On June 23rd, Donald Trump visited Arizona to celebrate the completion of two hundred miles of wall along the U.S.-Mexico border. That the number of coronavirus cases in the state had reached an all-time high did not stop Trump from focussing on the structure, hailing it as “great,” “powerful,” and “really foolproof.” His visit to Arizona, a key battleground state in the 2020 election, gave him an opportunity to showcase a formidable campaign promise that he has neither fulfilled nor got Mexico to pay for. Before surveying the thirty-foot-tall fence in San Luis, where a silver plaque awaited his signature, Trump spoke at a border-security roundtable. He boasted of his success in preventing immigrants, drugs, crimes, and even the coronavirus from reaching the U.S.’s southern border. For that, Trump had an unlikely ally to thank. “I want to thank the President of Mexico,” he said. “He’s really a great guy. I think he’ll be coming into Washington pretty soon.”
Two weeks later, President Andrés Manuel López Obrador boarded a commercial flight en route to the U.S. capital. His decision to visit Trump in the midst of a pandemic and a fraught American election spurred criticism on both sides of the border. Many argued that Trump could reap political benefits from the meeting at a time when he is hoping to pull Latino voters away from Joe Biden, especially in battleground states he must win in 2020, such as Arizona, Florida, and Texas. While Trump’s polling averages have plummeted among other groups, his support among Latinos has remained steady. He is still losing to these voters by a wide margin—more than thirty percentage points—but he also appears to be benefitting from Biden’s inability to generate enthusiasm for his candidacy in the community. Recent polls show that less than sixty per cent of the Latino electorate would vote for Biden—a far lower number than the seventy-one per cent who voted for Obama in 2012 and the sixty-six per cent who voted for Clinton in 2016.
During two tightly scripted public appearances, where no questions from the press were permitted, López Obrador flaunted his friendship with Trump, showering him with adulation and praising his treatment of Mexico. “I’m here to express to the people of the United States that their President has behaved toward us with kindness and respect. He has treated us as we are: a dignified country,” López Obrador, who is commonly known by his initials, AMLO, said. He left Washington politically unscathed at home because Trump, in a rare display of discipline, made no virulent remarks against Mexico. “Mexican-Americans uplift our communities,” Trump declared. “They strengthen our churches and enrich every feature of national life. They are hardworking, incredible people.”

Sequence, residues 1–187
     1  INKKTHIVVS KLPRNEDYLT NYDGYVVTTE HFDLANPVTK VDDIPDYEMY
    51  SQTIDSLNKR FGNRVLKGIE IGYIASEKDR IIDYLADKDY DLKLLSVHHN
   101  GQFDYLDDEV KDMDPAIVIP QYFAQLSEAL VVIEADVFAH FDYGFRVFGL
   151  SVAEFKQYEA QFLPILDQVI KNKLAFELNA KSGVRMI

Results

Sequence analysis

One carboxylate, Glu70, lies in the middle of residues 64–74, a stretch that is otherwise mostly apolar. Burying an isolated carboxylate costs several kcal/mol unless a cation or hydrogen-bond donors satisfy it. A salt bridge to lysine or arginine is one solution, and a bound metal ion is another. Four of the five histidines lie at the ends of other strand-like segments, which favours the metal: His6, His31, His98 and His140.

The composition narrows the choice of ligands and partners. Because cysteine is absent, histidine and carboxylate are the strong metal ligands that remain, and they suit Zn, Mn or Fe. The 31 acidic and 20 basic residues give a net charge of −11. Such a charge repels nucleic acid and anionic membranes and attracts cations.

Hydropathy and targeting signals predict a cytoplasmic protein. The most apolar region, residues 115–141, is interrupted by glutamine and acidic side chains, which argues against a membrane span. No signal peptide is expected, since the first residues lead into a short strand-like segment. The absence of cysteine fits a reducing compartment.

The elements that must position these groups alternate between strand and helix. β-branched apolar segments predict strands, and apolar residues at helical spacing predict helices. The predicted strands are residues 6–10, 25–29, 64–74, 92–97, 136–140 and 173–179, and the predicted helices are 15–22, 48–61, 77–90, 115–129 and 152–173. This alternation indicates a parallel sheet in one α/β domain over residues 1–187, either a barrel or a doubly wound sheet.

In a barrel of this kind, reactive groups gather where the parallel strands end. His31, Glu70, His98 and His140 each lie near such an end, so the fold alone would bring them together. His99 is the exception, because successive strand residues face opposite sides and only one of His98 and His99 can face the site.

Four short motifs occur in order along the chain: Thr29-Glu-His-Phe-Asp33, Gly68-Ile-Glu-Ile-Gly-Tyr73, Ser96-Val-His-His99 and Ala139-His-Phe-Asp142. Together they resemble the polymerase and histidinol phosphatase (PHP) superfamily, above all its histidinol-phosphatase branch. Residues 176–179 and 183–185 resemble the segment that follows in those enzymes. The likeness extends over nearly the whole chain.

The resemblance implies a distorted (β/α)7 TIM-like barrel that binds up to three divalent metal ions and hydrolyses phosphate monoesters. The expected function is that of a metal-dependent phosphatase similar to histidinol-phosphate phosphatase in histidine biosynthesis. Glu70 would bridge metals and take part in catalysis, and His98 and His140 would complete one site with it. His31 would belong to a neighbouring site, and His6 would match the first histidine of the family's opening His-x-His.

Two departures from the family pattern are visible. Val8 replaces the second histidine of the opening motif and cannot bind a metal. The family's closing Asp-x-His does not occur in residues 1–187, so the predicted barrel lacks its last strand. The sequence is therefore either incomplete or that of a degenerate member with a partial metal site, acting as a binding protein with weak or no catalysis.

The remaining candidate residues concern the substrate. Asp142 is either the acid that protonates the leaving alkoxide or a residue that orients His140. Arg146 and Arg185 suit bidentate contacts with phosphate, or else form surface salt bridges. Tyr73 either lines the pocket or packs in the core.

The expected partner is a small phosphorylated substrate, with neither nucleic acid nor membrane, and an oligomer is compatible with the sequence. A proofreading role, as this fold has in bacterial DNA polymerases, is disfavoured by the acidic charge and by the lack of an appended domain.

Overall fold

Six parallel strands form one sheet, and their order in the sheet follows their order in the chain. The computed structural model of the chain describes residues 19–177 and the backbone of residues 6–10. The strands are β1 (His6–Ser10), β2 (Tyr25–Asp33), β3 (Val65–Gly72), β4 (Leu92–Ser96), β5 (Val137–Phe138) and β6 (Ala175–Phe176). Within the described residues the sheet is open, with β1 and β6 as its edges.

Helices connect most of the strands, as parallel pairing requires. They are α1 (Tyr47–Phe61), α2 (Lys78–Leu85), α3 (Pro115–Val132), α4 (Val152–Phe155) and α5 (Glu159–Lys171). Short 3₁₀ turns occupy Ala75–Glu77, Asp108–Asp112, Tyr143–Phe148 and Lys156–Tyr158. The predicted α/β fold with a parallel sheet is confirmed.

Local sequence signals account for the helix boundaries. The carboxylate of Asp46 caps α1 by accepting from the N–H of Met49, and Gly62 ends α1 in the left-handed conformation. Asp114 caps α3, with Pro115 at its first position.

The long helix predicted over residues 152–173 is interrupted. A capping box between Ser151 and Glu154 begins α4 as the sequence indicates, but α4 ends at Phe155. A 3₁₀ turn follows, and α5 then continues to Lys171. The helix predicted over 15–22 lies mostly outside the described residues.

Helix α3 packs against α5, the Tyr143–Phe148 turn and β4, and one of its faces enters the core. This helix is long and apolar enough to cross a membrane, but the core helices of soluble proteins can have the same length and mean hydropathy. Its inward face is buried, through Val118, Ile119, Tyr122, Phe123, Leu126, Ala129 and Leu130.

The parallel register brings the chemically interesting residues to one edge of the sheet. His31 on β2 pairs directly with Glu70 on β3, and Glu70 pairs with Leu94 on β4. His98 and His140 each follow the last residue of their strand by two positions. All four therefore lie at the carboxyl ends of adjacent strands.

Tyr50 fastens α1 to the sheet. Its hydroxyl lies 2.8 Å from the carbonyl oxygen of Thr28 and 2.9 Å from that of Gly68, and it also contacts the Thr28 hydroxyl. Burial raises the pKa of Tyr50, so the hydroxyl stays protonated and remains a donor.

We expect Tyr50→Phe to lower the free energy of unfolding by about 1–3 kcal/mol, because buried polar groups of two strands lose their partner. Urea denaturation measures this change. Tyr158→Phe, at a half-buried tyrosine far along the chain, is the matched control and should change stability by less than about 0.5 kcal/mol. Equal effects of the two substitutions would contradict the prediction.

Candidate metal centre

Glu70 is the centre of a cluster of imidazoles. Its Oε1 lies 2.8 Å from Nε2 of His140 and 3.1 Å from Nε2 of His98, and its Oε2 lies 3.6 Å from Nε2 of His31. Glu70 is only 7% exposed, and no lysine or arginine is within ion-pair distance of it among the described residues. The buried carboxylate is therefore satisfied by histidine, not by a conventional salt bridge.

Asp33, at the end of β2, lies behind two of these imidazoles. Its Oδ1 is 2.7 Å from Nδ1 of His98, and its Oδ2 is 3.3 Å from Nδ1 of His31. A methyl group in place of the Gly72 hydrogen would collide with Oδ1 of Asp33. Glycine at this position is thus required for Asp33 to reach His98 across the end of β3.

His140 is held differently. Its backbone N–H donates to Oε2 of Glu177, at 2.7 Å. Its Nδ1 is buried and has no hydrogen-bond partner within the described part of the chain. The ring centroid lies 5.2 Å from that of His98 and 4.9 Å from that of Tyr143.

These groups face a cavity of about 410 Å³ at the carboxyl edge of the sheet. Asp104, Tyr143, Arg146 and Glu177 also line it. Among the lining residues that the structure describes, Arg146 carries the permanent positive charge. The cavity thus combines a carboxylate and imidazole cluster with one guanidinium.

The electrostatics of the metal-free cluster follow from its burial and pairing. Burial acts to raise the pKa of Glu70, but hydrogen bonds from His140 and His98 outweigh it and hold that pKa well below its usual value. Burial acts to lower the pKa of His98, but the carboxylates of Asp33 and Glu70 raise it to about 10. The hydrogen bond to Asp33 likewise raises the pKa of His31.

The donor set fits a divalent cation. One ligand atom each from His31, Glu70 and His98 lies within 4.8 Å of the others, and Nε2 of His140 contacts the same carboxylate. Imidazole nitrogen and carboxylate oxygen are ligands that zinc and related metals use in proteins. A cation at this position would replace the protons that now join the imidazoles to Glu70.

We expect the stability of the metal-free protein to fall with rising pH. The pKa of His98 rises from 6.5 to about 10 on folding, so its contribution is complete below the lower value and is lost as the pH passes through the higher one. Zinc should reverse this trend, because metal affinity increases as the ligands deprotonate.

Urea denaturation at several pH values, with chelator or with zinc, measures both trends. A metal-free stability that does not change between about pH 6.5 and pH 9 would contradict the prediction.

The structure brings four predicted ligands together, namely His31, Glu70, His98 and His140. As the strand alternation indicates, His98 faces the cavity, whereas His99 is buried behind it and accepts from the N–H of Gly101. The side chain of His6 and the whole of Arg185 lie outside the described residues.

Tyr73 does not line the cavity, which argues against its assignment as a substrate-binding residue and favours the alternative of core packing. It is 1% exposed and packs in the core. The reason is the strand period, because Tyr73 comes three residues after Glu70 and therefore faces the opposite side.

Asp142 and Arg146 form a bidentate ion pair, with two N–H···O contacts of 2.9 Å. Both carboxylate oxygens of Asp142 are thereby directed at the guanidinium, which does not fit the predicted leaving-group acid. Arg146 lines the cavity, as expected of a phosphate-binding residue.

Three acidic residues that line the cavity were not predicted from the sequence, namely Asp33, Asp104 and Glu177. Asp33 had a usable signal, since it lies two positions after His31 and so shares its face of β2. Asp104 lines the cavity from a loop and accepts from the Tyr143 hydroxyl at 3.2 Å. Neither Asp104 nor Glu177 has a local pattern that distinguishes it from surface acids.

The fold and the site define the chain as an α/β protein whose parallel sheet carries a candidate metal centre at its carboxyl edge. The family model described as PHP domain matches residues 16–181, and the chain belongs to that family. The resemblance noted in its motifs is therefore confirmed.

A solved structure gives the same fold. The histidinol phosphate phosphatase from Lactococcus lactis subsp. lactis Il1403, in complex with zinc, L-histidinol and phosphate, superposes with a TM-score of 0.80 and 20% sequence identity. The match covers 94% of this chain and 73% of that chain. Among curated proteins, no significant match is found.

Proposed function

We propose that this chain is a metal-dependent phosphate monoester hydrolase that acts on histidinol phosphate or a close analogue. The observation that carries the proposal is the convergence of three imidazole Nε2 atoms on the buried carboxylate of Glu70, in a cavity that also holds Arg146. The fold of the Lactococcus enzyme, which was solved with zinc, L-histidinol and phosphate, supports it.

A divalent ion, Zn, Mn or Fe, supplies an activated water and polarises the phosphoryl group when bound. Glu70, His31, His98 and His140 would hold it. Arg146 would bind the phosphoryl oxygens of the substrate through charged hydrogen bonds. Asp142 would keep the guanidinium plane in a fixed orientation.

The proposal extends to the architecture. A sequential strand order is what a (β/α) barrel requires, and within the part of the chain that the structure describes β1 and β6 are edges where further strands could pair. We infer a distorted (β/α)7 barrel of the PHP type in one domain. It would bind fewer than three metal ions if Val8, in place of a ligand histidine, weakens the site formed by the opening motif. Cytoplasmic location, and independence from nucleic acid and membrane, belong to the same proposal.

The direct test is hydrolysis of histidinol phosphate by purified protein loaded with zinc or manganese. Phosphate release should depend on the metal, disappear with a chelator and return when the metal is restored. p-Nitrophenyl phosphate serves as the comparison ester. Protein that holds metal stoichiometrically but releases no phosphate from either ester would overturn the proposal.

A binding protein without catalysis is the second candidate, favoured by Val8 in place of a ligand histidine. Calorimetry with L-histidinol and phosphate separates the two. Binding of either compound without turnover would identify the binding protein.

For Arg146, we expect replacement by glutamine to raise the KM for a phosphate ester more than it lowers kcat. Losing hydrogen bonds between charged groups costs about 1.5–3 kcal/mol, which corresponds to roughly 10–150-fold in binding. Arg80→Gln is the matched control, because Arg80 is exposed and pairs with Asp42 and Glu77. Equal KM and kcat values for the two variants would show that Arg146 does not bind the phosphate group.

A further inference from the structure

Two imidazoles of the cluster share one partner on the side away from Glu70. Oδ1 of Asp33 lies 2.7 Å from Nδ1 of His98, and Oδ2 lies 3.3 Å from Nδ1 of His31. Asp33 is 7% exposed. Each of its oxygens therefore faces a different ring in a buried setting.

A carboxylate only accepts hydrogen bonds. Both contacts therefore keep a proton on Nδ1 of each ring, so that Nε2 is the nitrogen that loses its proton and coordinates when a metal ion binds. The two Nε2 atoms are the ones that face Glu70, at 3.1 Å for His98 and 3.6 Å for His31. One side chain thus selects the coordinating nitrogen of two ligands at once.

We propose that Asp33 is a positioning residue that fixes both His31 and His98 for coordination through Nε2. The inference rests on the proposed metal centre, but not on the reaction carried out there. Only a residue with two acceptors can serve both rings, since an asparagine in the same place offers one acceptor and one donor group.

In Trumpian fashion, the President took full political advantage of the visit. Hours after the two leaders spoke in the Rose Garden, Trump tweeted a campaign-style video of López Obrador hailing him and his record. Snippets from Trump’s remarks, mixed with triumphant music, narrated the footage. “Today we celebrate the historic victory we achieved together just days ago, when NAFTA was officially terminated and replaced with a brand-new, beautiful U.S.M.C.A.,” Trump says as a picture of the trade deal, featuring his signature in oversized letters, appears on the screen. Earlier in the day, when Biden reminded his followers on Twitter that “Trump launched his 2016 campaign by calling Mexicans rapists,” the proxy account @EquipoTrump responded that “Trump has actually delivered for our community. That’s why President López Obrador said today that @realDonaldTrump has treated Mexicans with ‘understanding’ and ‘respect.’ ” Days later, Axios reported that the Trump campaign planned to spend millions on Spanish-language ads featuring López Obrador’s remarks at the White House.
Equipo Trump is the official bilingual Twitter account of the President’s reëlection campaign. In recent days, the account tweeted a warning in Spanish that a possible Joe Biden Vice-Presidential pick, Karen Bass, would adopt policies of appeasement toward the Venezuelan ruler Nicolás Maduro and Cuba’s leader, Raúl Castro. It also wished Peruvians a happy Independence Day. Unlike in 2016, the Trump campaign appears to be actively trying to expand Trump’s base of support among Latinos. The effort is being shepherded by Vice-President Mike Pence’s nephew, John Pence, a corporate lawyer in his thirties who has said that he discovered the perils of socialism while studying abroad in Argentina and teaching English in Nicaragua. It has a Latino advisory board comprising twenty-two members, ranging from Hispanic business leaders to evangelical pastors. And, since the onset of the pandemic, the campaign has been holding frequent online events and sending out e-mails highlighting issues that appeal to conservative Hispanics, warning of “The Radical Left’s” desire to achieve “unlimited abortions through Biden” or its attempt to “cancel Goya Foods.”
Still, the campaign, in many respects, is closely following Trump’s aggressive 2016 playbook. Last fall, when Biden launched an initiative called Todos con Biden (All with Biden), Trump’s team rushed to buy the Web domain. To date, anyone visiting the site todosconbiden.com will find a photograph of the Vice-President looking downward, with his arms crossed, and an announcement, in both English and Spanish: “Oops, Joe forgot about Latinos.” A link at the bottom of the page, which reads “Vamos” (“Let’s Go”), redirects visitors to the Latinos for Trump Web page. “We’ve seen that the Trump campaign has no compunction when it comes to weaponizing any statements of support for their own political purposes,” Fernand Amandi, a Democratic strategist and pollster, told me. “If the campaign thinks it’s enough to propel them to be able to win the Hispanic vote on the basis of AMLO’s comments, they’re sorely mistaken. If their aim is to try to use these comments to increase support from Hispanic voters on the margins, it might very well have that effect.”